A Quick Guide to Elasticsearch Java clients [Part 2]

In the previous blog post, we’ve seen how to setup a local Elasticsearch server and how to use Jest Java client, in this part we’ll see how to use Spring data elasticsearch.

A Quick Guide to Elasticsearch Java clients [Part 2]

Spring data elasticsearch

For Spring users there is Elasticsearch library under the spring data project (Official documentation).

To use spring data elasticsearch add the following dependency into pom.xml for Maven projects:











        <name>Spring Releases</name>







Or for Gradle projects in your build.gradle:

dependencies {

    compile ‘’

} repositories {

    maven {

        url ‘’



Spring data elasticsearch provides an easy way of configuration using Java-based configuration class annotated with @Configuration.

ElasticsearchTemplate similar to JdbcTemplate, or RestTemplate, is the helper class that exposes common Elasticsearch functionality like indexing, querying, scan and scroll for pagination, with POJO to document mapping included.

A really strong feature of spring data elasticsearch is the ability to express mapping metadata using annotations like @Document, @Id, @Filed on indexing entity, and interacting with Elasticsearch server using Spring Repository interface proxies, which is familiar territory for Spring users. These interfaces can be extended with custom methods. When following a naming convention, search query type can be parsed and determined automatically, for e.g. if we imagine:

interface ElasticSearchCommentsRepository extends Repository<Comment, Long> {

       List<Comment> findByMessageAndUser(String message, String user);


method findByMessageAndUser is going to be automatically parsed and will generate appropriate search query:

{ “bool” :

    { “must” :


            { “field” : {“message” : “?”} },

            { “field” : {“user” : “?”} }




Find more info on query method parsing in this section of the documentation.

If this is not enough in terms of custom queries, we could annotate methods with @Query and provide a string query, similar to what we’ve seen earlier. Another option is to just implement an interface with concrete implementation for methods, which can provide more flexibility and might be more easily maintainable than a bunch of string queries.

There is also the NativeSearchQueryBuilder class, which enables plugging in Elasticsearch query builders, if we have them on the classpath, enabling more control and fine-tuning of the search queries. For e.g. if we would like to search for comments of a specific user, we could do something like this:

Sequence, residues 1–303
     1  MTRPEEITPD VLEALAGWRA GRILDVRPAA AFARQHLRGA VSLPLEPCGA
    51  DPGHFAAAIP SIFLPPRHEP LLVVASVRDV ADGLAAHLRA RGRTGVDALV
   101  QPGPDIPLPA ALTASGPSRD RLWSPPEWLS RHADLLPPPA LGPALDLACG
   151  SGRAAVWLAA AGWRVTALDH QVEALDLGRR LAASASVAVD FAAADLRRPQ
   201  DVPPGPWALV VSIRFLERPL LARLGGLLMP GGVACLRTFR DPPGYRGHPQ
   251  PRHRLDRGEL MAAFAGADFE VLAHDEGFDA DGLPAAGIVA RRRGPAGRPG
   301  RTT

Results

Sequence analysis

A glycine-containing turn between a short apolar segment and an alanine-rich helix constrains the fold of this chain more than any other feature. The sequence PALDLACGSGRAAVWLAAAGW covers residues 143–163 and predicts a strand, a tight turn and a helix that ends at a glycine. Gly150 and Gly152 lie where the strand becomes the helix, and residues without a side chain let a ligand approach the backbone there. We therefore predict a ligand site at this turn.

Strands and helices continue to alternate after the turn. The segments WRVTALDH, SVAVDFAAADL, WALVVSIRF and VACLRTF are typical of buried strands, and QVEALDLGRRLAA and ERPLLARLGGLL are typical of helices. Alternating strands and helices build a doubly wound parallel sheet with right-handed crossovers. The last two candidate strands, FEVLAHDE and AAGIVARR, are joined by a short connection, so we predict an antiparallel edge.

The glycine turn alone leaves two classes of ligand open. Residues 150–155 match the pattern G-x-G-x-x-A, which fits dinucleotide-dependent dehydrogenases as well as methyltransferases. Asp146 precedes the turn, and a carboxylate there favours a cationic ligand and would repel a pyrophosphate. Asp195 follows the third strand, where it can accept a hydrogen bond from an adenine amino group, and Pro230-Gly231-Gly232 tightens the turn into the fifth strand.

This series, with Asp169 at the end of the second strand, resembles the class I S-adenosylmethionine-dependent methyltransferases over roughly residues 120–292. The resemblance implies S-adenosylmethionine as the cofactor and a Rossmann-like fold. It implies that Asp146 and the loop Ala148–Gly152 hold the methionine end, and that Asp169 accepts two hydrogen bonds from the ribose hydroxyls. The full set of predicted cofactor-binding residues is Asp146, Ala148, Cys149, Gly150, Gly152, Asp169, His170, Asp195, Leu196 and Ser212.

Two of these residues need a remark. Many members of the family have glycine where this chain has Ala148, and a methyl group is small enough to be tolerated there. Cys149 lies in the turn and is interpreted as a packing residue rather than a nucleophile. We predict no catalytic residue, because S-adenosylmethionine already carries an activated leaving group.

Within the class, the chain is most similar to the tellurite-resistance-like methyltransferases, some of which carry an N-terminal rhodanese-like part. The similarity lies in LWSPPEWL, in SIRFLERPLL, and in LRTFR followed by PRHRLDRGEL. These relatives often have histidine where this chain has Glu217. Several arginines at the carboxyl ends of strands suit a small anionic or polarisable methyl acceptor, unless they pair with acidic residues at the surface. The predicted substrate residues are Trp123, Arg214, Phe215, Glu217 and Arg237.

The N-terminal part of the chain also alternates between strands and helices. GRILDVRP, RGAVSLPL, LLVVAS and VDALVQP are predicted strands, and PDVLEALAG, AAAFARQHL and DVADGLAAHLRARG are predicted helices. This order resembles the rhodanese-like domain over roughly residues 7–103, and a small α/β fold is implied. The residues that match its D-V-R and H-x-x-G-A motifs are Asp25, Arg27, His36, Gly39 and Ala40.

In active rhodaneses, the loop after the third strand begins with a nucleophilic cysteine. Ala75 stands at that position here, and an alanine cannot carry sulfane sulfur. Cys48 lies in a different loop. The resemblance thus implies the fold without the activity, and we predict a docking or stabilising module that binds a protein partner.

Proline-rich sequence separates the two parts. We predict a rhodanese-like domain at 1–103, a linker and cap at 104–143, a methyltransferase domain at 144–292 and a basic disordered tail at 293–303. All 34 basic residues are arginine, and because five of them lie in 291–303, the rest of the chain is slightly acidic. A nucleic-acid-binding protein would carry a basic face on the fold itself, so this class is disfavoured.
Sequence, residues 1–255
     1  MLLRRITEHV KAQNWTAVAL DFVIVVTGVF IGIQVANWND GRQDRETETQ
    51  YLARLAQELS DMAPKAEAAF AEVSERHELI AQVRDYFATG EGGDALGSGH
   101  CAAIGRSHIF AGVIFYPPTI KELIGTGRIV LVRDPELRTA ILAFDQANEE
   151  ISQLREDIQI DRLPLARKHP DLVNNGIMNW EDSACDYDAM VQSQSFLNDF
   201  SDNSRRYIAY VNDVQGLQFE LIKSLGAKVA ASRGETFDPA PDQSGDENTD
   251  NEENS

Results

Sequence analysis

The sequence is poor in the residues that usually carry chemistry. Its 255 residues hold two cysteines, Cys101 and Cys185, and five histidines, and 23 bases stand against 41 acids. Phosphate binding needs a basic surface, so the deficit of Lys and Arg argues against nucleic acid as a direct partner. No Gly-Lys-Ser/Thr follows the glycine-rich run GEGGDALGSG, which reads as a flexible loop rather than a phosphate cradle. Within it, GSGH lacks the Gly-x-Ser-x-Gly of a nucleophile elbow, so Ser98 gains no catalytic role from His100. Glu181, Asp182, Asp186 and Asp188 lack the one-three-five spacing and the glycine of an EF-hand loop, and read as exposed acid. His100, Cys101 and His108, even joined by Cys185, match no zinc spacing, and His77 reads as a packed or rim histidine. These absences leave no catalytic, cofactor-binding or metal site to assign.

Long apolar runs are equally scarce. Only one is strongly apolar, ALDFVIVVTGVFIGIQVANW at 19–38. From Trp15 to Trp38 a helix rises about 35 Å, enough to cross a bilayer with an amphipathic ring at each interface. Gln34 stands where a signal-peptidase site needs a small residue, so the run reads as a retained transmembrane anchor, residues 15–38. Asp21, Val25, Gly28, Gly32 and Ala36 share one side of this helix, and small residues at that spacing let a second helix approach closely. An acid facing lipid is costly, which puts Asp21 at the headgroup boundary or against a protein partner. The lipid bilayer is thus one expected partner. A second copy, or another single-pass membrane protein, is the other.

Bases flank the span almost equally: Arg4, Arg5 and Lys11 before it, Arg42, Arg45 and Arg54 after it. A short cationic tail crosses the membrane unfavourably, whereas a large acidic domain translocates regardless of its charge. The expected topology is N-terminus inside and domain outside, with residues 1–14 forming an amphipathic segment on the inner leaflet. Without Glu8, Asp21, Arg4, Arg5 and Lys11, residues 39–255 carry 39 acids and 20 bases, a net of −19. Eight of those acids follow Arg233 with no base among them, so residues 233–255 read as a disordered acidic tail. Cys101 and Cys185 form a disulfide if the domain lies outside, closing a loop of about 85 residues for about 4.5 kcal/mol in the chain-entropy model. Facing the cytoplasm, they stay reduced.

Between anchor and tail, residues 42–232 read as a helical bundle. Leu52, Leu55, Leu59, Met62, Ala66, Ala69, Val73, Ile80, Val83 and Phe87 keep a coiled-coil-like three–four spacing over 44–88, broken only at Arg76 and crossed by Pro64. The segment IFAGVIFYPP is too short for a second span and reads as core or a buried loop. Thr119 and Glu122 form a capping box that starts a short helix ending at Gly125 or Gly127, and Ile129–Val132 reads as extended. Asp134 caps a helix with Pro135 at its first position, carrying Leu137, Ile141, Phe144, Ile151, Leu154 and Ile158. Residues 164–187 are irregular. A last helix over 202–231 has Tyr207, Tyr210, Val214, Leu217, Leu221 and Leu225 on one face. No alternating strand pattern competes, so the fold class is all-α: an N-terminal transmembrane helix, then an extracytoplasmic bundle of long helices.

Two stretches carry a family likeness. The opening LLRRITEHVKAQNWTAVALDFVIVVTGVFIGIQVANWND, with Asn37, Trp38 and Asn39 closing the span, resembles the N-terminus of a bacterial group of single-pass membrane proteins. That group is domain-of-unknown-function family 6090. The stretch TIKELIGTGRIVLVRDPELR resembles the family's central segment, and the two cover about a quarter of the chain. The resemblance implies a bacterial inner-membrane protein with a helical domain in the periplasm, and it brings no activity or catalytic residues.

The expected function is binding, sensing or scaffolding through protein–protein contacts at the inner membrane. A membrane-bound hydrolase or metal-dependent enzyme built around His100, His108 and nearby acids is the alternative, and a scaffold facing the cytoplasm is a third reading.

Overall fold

SearchQuery searchQuery = new NativeSearchQueryBuilder()

.withQuery(matchQuery(“user”, “user1”))


List<Comment> comments = elasticSearchTemplate.queryForList(searchQuery, Comment.class);

If the result set is too big, it is a good idea to get results paginated. This is done by retrieving Elasticsearch scrolls, which are identified by scroll id. For the example on how to do this, take a look at following part of the documentation and also at Elastic scrolls.


Spring data elasticsearch is a good option for Spring-based projects. It provides ease of configuration, automatic POJO to document mapping, and a familiar way of querying elasticsearch through either repository proxies or template helper class. Interface proxies enable automatic query generation, which removes the need for query builders and manual building of queries in most cases (but that option is left on the table if need be). One thing to keep in mind though when considering migration to a newer version of Elasticsearch server has spring data release train kept up. In case of incompatible versions, migrating to newer versions of the Elasticsearch server might be challenging.

In the next blog post, we are going to go over some features of the official Elasticsearch Java client, with the focus on Java High-Level REST Client.

Related Blog Posts:

Links and references:

About the author:

Dragan Torbica is a Software Engineer with 7 years of experience mostly in Java and Spring. He believes that software is not something that can be manufactured nor can it be delivered faster by merely adding more lines of code and that writing good software requires skill and careful attention. Currently, he’s working for as Senior Software Developer and Technical Team Lead.